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Salk researchers receive $19.2 million to unravel mysteries of age-related cognitive decline

Salk researchers receive $19.2 million to unravel mysteries of age-related cognitive decline

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A team of Salk Institute researchers led by President Rusty Gage has been awarded $19.2 million over eight years by the American Heart Association-Allen Initiative in Brain Health and Cognitive Impairment to investigate mechanisms underlying Alzheimer’s disease and aging-related cognitive decline and uncover new therapies. This bold venture will comprehensively analyze interactions between five areas key to brain health: proteins, genes, metabolism, inflammation and epigenetics.

“At the Salk Institute, we have devised a completely new way of approaching Alzheimer’s and aging research,” says Gage, a world-renowned researcher in neuroscience and genetics who holds the Vi and John Adler Chair for Research on Age-Related Neurodegenerative Disease. “With the generous support of The Paul G. Allen Frontiers Group, the American Heart Association and other philanthropic donors to this initiative, we believe we can make significant progress in the diagnosis and treatment of Alzheimer’s and other age-related cognitive diseases.”

An aging-related disorder that results in severe memory loss, Alzheimer’s disease represents a global health crisis with estimates suggesting that

To respond to this critical need, Gage will be leading a multidisciplinary team of 10 Salk scientists, all luminaries in their respective fields across metabolism, immunology and inflammation, genetics and epigenetics, and protein analysis. The all-star interdisciplinary group believes that Alzheimer’s and other age-related brain disorders are triggered not by a single event, but by a failure of complex, interdependent biological systems in our body that start to break down as we age. Failure in any one of these systems can cause a domino-like crash that results in devastating brain disorders like Alzheimer’s. By studying the networks that keep our brains healthy, the team aims to reveal new targets for therapeutic research and biomarkers of early stage cognitive decline.

“The fact that numerous clinical trials over the past several decades have not yielded effective therapies points to the complex nature of neurodegeneration,” says Professor Susan Kaech, director of Salk’s NOMIS Center for Immunobiology and Pathogenesis, holder of the NOMIS Chair, and a member of the project’s leadership team. “We are grateful for this support, which will help us learn more about the role of inflammation in Alzheimer’s and how it affects other cellular processes associated with this disease. We are hopeful this work will lead to the breakthroughs humanity so desperately needs.”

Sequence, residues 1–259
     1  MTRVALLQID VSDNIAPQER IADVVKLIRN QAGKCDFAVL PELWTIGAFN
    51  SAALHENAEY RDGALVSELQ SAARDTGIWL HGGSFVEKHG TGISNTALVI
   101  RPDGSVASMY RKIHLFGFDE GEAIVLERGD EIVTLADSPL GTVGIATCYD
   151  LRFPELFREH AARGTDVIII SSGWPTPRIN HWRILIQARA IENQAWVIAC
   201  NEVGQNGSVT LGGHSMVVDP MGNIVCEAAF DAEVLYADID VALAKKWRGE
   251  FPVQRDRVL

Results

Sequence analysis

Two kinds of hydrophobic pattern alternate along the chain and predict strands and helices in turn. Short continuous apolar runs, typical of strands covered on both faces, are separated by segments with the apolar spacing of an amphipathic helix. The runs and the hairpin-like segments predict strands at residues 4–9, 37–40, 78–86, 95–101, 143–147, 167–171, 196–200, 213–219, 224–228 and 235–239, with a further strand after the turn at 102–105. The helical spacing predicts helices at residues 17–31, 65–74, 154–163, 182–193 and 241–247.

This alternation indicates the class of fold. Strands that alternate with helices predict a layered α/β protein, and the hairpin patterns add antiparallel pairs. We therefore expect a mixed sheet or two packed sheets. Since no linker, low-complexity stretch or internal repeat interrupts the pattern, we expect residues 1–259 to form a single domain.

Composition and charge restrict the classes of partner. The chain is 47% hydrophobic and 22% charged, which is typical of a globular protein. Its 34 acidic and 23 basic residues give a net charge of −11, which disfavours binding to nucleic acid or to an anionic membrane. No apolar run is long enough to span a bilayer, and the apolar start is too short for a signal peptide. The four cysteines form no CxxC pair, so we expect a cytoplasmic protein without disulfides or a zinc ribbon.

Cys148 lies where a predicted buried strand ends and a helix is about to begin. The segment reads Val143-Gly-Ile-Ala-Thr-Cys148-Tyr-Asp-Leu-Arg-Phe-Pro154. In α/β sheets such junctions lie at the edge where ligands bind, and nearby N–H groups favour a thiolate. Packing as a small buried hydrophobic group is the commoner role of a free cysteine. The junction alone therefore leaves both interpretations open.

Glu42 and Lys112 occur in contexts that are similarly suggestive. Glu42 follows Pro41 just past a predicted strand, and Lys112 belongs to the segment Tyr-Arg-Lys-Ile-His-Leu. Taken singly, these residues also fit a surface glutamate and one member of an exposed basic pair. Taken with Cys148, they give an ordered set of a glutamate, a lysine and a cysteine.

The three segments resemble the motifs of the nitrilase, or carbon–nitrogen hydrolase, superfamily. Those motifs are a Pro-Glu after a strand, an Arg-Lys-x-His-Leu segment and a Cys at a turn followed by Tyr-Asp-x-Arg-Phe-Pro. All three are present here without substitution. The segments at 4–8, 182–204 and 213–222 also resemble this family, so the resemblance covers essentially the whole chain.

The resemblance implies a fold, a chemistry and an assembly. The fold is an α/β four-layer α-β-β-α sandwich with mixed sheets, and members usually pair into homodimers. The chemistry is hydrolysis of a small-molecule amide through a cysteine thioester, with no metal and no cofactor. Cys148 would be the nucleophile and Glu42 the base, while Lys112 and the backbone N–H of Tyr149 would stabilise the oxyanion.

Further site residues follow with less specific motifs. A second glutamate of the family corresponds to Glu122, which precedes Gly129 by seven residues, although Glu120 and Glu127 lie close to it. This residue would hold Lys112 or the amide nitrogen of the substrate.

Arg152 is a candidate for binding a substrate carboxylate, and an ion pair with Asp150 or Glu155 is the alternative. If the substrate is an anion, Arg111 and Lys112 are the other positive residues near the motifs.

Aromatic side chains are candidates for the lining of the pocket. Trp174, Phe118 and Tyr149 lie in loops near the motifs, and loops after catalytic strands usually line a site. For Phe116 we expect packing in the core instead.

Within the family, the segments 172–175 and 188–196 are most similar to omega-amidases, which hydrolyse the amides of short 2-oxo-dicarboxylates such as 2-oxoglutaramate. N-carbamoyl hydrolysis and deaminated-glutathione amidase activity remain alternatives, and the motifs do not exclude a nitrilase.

To accomplish this, Salk research teams are developing cutting-edge methods to study aging and diseased neurons and other brain cells through cell cultures, brain organoids and a new primate model of cognitive aging. In addition to these technological advances, the team will use sophisticated machine-learning algorithms that can integrate diverse datasets, allowing scientists to identify the cell types and biological pathways most critical for brain aging.

“Age is the greatest risk factor for a diversity of devastating diseases including Alzheimer’s, heart disease and cancer,” says Professor Jan Karlseder, a member of the project’s leadership team who directs the Glenn Center for Biology of Aging Research and holds the Donald and Darlene Shiley Chair. “Since the effects of aging are themselves comprehensive, taking a systems approach seems promising. We very much appreciate the generosity of The Paul G. Allen Frontiers Group and American Heart Association in supporting this research to advance our understanding of aging.”

“The innovative approaches that have come about through this initiative are a clear testament to Allen Institute founder Paul G. Allen’s legacy in science,” says Allan Jones, PhD, President and Chief Executive Officer of the Allen Institute. “Paul inspired all of us every day to tackle hard problems that require systematic, comprehensive approaches to solve, and these new research teams are a perfect example of that way of thinking about mysteries in science and human health.”

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